When ready to fry, line a baking sheet with paper towels. Pour oil to a depth of about 3 inches into a large, heavy saucepan and heat over medium-high heat until hot. To test the oil, throw in a pinch of flour. If it sizzles on contact, the oil is ready. (It should be 350ºF if you are using a thermometer.) Working in batches, place the doughnuts in the hot oil, being careful not to crowd them. Fry on the first side for 2 to 3 minutes, or until brown. Then gently flip them and fry for another 2 to 3 minutes, or until brown on the second side. Using a slotted spoon, transfer the doughnuts to the prepared tray and let cool for a few minutes, or until cool enough to handle.

Place the remaining 1 cup sugar in a small bowl. One at a time, toss the warm doughnuts in the sugar to coat evenly. As each doughnut is coated, return it to the tray to cool completely. This will take 30 to 40 minutes.

To make the vanilla cream filling:

While the doughnuts are cooling, whip the heavy cream until it holds stiff peaks. Using a rubber spatula, fold it into the pastry cream. You should have about 3 cups.

When the doughnuts are completely cooled, poke a hole in the side of each one, spacing it equidistant between the top and bottom. Fit a pastry bag with a small round tip and fill the bag with the filling. Squirt about ⅓ cup filling into each doughnut. Serve immediately.


1¼ cups (300 grams) milk
½ cup sugar
2 tablespoons cornstarch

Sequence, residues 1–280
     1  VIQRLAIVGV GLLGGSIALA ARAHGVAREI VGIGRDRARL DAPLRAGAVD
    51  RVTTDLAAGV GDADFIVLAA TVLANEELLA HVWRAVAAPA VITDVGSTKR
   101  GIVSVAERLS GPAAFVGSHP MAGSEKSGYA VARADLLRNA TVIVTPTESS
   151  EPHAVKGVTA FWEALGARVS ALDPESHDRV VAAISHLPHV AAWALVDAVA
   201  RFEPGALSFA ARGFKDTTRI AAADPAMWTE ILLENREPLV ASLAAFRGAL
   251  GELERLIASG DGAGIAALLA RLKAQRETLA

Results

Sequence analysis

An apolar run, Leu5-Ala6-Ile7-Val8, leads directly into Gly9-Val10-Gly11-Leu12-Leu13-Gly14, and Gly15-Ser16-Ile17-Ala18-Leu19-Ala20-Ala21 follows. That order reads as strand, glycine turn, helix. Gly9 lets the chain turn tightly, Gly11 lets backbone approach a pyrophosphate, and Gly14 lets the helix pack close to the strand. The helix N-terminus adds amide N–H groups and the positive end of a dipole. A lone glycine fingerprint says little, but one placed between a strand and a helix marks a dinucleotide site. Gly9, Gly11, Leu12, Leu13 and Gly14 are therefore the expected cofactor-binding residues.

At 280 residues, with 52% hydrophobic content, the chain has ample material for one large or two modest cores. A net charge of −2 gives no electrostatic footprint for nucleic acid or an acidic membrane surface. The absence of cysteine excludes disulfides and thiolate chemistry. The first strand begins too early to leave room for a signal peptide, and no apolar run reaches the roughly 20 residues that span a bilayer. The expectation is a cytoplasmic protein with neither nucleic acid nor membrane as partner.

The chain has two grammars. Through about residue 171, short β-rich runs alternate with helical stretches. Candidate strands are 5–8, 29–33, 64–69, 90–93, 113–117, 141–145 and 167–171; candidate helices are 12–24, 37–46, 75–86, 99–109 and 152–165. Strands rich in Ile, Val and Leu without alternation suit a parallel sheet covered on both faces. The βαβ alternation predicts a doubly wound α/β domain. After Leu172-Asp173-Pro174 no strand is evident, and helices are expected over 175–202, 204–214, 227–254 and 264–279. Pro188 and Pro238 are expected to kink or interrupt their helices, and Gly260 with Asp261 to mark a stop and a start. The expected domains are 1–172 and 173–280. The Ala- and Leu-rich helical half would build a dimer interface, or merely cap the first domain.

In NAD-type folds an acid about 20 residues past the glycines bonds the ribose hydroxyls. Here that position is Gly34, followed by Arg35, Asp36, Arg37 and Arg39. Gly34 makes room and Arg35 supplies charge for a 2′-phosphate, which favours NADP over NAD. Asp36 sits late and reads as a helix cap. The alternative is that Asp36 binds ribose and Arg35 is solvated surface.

½ teaspoon kosher salt
3 egg yolks
1 teaspoon vanilla extract

In a medium saucepan, scald the milk over medium-high heat (bubbles start to form around the edge of the pan, but the milk is not boiling). While the milk is heating, in a small bowl, stir together the sugar, cornstarch and salt. In a medium bowl, whisk the egg yolks until blended, then slowly whisk in the sugar mixture. The mixture will be thick and pasty.

Remove the milk from the heat and slowly add it to the egg-flour mixture, a little at a time, whisking constantly. When all of the milk has been incorporated, return the contents of the bowl to the saucepan and place over medium heat. Whisk continuously and vigorously for about 3 minutes, or until the mixture thickens and comes to a boil. At first, the mixture will be very frothy and liquid; as it cooks longer, it will slowly start to thicken until the bubbles disappear and it becomes more viscous. Once it thickens, remove the pan from the heat.

Pour the mixture through a fine-mesh sieve into a small heat-proof bowl. Stir in the vanilla, then cover with plastic wrap, placing it directly on the surface of the cream. This will prevent a skin from forming. Refrigerate for at least 4 hours, or until cold, or up to 3 days.

1 comment:

  1. Mmmmm... ship some my way! That definitely looks like an all day affair and I am most impressed at The Daughter (and Mother) for such an undertaking! Of course, doughnuts are best eaten fresh, so a little overindulgence is understandable. Wouldn't want all that hard work to go to waste! :-)